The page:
Ignorant Speculation Immoral Risks: Macheaths, Turpins and the Commercial Classes in Nineteenth-Century Theories of Economic Fluctuations
This paper demonstrates that the 'inappropriate actions' explanation of fluctuations, whereby expectations figure prominently, originates in the nineteenth century. Explanations of fluctuations were framed in the context of policy implications: if fluctuations were due to 'natural' causes, policy would be ineffective at mitigating their effects. Yet there was a role for policy in the form of education to reduce ignorant speculation. A second issue that resonates in contemporary analysis is the question of how theories of fluctuations, based on 'mistakes,' were reconciled with microeconomic analysis presuming correct decision-making. Correct intertemporal decision-making was seen as an acquired habit to be learned through 'proper' education. Copyright 1996 by Blackwell Publishers Ltd and The Victoria University of Manchester
To our knowledge, this item is not available for
download. To find whether it is available, there are three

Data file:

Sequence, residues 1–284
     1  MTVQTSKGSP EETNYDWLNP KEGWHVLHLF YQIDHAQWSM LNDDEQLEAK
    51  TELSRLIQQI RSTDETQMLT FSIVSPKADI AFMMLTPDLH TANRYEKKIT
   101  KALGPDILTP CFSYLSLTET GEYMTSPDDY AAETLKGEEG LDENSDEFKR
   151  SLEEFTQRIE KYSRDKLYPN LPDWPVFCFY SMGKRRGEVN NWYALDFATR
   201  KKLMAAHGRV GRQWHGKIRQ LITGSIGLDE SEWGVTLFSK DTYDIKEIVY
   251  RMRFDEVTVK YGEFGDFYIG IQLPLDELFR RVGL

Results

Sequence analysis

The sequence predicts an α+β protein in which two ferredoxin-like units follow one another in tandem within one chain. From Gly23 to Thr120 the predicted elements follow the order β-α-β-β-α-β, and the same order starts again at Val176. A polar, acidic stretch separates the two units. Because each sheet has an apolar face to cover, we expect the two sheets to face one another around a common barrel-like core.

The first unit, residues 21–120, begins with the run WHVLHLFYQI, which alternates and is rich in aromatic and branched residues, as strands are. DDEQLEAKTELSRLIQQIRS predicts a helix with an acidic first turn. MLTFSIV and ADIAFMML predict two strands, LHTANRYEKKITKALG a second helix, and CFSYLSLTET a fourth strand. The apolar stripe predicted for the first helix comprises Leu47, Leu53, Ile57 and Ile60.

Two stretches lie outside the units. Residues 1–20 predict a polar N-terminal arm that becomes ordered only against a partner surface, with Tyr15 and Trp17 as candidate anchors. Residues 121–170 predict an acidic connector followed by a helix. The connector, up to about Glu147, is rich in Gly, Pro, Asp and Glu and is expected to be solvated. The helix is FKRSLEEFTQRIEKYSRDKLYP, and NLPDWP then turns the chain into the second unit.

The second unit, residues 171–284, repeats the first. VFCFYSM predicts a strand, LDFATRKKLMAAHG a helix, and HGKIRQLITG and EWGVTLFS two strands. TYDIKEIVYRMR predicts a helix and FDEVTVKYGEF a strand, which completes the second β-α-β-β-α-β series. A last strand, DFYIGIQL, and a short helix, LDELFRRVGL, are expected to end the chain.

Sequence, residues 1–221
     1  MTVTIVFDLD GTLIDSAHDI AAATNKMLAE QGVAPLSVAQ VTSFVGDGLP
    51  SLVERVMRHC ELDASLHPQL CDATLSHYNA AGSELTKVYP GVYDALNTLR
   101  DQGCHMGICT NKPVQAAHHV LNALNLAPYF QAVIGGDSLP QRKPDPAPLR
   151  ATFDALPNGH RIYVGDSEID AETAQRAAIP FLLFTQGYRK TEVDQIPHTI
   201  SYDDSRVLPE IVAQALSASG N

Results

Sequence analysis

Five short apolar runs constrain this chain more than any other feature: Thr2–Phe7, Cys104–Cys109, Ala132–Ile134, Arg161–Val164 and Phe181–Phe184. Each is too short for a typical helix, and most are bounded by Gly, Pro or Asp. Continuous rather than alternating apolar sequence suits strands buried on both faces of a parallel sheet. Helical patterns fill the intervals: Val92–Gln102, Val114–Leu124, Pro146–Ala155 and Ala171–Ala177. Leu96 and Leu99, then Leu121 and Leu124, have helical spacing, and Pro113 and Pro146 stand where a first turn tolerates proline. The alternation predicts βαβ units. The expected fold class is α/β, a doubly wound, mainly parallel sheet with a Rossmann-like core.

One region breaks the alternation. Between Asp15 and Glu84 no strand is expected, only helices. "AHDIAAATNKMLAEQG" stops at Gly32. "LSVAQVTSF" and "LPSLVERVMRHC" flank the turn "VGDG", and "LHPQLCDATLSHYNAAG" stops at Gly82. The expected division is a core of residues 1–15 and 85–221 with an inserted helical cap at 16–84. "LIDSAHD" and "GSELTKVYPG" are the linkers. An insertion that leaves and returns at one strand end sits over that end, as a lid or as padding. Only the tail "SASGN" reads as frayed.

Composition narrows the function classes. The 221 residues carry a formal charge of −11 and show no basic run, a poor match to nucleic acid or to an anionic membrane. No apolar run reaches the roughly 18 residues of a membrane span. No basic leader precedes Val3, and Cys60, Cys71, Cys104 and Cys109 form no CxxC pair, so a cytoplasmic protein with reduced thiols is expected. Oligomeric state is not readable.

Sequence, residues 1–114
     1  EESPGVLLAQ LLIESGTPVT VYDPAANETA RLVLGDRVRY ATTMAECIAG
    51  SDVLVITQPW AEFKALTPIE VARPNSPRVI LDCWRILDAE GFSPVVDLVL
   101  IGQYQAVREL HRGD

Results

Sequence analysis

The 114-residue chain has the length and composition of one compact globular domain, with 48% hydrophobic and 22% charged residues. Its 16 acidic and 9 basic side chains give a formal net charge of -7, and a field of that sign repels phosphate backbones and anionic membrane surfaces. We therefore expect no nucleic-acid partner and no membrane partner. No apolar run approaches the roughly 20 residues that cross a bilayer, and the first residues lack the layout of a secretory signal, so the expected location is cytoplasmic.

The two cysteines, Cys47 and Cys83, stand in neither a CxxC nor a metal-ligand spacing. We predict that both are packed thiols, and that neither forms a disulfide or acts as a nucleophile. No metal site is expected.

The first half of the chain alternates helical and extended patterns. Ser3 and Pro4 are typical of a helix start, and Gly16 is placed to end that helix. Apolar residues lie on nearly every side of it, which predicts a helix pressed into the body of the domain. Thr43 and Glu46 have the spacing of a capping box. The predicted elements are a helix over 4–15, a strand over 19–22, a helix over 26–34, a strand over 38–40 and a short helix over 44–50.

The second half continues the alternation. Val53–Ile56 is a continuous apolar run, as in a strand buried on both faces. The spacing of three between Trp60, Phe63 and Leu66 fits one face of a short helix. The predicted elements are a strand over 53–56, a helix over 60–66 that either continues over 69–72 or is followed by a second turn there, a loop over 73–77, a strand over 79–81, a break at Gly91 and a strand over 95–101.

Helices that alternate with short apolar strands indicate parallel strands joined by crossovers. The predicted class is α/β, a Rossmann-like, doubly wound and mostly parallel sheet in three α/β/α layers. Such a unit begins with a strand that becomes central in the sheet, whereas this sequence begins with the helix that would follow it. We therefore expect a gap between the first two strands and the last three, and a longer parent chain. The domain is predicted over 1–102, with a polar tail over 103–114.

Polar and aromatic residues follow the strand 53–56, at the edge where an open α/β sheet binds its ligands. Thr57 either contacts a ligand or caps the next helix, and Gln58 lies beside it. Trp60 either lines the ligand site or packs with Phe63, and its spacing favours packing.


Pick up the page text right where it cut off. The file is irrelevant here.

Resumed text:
1. Check below under "Related research" whether another version of this item is available online.
2. Check on the provider's web page whether it is in fact available.
3. Perform a search for a similarly titled item that would be available.
Volume (Year): 64 (1996)
Issue (Month): 2 (June)
|Contact details of provider:|| Postal: |
Phone: (0)161 275 4868
Fax: (0)161 275 4812
Web page: http://www.socialsciences.manchester.ac.uk/disciplines/economics/
More information through EDIRC
When requesting a correction, please mention this item's handle: RePEc:bla:manch2:v:64:y:1996:i:2:p:135-52. See general information about how to correct material in RePEc.
For technical questions regarding this item, or to correct its authors, title, abstract, bibliographic or download information, contact: (Wiley-Blackwell Digital Licensing)or (Christopher F. Baum)
If you have authored this item and are not yet registered with RePEc, we encourage you to do it here. This allows to link your profile to this item. It also allows you to accept potential citations to this item that we are uncertain about.
If references are entirely missing, you can add them using this form.
If the full references list an item that is present in RePEc, but the system did not link to it, you can help with this form.
If you know of missing items citing this one, you can help us creating those links by adding the relevant references in the same way as above, for each refering item. If you are a registered author of this item, you may also want to check the "citations" tab in your profile, as there may be some citations waiting for confirmation.
Please note that corrections may take a couple of weeks to filter through the various RePEc services.